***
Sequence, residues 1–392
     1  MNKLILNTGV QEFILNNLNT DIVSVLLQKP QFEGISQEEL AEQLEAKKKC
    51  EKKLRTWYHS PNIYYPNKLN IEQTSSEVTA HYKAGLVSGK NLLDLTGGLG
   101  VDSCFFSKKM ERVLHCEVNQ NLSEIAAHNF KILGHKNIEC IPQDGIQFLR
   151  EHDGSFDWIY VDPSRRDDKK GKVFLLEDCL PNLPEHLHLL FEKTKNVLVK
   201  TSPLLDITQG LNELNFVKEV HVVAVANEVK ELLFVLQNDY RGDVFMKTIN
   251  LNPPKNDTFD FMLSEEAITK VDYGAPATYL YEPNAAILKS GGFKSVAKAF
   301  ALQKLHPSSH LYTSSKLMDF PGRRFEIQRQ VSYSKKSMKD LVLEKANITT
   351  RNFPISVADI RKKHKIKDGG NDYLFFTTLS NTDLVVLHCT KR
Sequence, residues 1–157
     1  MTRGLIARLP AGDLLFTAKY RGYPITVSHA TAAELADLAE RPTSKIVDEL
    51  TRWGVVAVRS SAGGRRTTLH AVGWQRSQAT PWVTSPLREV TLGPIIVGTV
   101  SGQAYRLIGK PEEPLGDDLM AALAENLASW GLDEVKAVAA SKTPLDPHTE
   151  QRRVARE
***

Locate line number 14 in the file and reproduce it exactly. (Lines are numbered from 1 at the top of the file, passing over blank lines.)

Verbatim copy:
   151  QRRVARE